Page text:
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How to Save Money on Quartz Countertops

Ever since I was a kid I was brought up to be frugal and to save and budget money. * Disclaimer: I am not a financial planner.

How to Save Money on Quartz Countertops

Introduction

Quartz countertops are the most popular choice for homeowners looking to update their kitchen or bathroom. But quartz is expensive, and it’s easy to spend hundreds of dollars on a kitchen countertop. Quartz is also prone to scratches and stains from acidic foods like tomato sauce and coffee grounds. So how do you save money on your quartz countertop? Here are six ways:

Get a few bids from stone suppliers.

If you’re purchasing your quartz countertops from a stone supplier, get at least three bids. If you don’t know where to start, ask friends and family for recommendations. You can also find listings on the internet or ask at your local hardware store or home improvement store if they have any recommendations for local contractors who install quartz counters.

Make sure to get a detailed list of all materials used in the job including the cost per square foot upfront so that you have an idea of what price range will be reasonable for your project. To ensure quality workmanship and material use, make sure that these details are included in each quote along with warranties offered by the suppliers as well as their experience with this type of installation (if applicable).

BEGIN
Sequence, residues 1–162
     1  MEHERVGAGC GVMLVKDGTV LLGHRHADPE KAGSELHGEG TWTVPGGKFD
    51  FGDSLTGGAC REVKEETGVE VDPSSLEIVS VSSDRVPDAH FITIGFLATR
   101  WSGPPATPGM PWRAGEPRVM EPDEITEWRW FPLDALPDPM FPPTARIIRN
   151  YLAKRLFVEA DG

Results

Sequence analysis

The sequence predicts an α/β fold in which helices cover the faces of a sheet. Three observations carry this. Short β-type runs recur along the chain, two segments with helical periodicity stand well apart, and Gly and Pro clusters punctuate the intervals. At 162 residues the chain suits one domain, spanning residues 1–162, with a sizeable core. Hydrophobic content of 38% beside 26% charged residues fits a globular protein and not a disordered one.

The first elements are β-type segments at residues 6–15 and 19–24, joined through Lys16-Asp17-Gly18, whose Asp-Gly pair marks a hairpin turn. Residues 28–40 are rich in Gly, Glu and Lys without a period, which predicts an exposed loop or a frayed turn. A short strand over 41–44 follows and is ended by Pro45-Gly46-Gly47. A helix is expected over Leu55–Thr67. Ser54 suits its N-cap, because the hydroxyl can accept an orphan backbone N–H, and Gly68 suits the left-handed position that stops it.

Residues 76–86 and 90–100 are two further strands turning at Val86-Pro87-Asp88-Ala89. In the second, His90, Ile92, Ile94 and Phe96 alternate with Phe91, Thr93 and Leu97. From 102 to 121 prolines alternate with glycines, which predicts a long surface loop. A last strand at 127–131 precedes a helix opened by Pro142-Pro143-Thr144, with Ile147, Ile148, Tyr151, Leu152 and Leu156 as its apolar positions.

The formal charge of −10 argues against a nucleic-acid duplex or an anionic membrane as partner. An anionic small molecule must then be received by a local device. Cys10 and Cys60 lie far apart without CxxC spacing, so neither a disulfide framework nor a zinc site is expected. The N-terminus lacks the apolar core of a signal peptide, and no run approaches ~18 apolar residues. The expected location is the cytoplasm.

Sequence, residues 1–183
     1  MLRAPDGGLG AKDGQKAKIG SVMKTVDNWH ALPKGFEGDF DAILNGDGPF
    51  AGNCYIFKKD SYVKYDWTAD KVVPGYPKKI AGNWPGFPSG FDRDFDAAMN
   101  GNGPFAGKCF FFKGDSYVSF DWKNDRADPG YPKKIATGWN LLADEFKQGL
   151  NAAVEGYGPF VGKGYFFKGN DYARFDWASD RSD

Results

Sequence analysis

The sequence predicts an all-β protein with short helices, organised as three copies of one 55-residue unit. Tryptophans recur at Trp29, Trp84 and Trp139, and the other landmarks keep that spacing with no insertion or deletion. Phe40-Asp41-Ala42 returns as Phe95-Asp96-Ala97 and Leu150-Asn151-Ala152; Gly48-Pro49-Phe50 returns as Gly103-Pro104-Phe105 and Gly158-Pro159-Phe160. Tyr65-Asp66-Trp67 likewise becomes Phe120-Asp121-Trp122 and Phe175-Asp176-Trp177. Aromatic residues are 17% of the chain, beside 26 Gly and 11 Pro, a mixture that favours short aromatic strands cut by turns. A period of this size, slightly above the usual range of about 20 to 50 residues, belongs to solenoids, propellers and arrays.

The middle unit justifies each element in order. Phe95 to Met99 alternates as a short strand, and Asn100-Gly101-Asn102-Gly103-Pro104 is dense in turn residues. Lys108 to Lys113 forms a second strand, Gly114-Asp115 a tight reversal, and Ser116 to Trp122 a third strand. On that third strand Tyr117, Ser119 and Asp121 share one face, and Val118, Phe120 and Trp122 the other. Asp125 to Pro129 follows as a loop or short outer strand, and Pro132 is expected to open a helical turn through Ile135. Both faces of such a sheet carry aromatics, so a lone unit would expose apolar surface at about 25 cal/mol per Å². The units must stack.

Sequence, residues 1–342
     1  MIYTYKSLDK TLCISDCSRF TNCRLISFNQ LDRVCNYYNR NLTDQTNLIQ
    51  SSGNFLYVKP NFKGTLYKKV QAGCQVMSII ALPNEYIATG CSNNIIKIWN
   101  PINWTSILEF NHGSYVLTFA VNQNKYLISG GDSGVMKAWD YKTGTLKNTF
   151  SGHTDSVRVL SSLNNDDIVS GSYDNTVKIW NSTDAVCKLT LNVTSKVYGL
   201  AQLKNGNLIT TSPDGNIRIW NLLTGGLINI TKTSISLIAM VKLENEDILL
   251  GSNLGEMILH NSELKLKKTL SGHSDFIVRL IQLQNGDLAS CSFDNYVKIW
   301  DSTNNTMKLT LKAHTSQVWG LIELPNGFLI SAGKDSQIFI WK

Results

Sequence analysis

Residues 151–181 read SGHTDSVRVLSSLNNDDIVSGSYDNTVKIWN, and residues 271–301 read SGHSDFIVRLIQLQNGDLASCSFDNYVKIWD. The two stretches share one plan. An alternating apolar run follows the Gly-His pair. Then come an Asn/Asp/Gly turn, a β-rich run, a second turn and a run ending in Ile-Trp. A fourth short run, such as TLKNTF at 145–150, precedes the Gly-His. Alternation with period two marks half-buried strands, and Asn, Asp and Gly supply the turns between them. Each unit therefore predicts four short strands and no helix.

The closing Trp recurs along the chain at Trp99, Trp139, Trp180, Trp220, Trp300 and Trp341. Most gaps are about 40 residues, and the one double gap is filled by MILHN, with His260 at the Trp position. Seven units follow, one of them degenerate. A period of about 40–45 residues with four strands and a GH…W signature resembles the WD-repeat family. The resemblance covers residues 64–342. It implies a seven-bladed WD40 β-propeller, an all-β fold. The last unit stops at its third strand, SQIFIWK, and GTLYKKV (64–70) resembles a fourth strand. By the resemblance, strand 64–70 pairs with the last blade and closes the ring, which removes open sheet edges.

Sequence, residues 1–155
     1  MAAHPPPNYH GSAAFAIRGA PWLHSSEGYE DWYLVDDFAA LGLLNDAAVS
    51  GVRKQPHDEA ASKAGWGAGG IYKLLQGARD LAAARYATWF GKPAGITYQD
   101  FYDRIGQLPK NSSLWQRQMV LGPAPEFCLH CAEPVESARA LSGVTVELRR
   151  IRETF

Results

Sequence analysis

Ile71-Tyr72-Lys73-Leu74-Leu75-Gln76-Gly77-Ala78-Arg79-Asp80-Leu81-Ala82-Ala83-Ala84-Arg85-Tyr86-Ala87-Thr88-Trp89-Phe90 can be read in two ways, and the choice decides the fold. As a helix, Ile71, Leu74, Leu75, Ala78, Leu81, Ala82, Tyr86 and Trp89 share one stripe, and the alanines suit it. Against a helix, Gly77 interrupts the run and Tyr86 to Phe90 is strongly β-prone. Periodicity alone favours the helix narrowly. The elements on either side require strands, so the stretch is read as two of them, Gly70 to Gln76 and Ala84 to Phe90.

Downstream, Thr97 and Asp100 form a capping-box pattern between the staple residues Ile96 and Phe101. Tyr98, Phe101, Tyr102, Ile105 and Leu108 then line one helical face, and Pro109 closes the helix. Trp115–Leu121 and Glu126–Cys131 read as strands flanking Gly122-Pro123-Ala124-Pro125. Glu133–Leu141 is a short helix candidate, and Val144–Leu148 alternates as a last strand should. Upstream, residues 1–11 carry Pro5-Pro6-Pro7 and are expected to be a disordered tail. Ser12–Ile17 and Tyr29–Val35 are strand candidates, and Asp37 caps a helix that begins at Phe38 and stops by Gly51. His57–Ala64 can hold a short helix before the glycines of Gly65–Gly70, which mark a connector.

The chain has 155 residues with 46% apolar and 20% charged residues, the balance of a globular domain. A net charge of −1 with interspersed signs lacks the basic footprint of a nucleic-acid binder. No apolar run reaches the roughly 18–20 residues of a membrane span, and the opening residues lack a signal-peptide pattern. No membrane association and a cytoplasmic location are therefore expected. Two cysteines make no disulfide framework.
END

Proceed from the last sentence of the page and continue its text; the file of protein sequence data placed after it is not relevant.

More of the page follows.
Pick a slab with some natural imperfections.

  • You should pick a slab with some natural imperfections. It's less expensive and more beautiful to have a countertop that has some variation in the color or texture of the material. Natural imperfections also help to make your countertop more durable, environmentally friendly and sustainable.
  • Choose a slab from an ethical source. Quartz is mined in many parts of the world, including China, Brazil and Madagascar; however, this can result in poor working conditions for workers at all levels of production—from mining through transportation and installation.
  • Ask about what kind of preparation will be done on your quartz before installation.

If you’re looking for something more affordable than granite or marble—but still want something with character (and strength)—quartz might be your best bet!

Keep the edge simple.

As you'd expect, the edges of your countertop are a crucial component in the overall appearance. They can be as simple or elaborate as you like, but remember that they should match the rest of your quartz countertop. If they don't fit into this category, they will stand out like a sore thumb and detract from the look of both your kitchen and bathroom.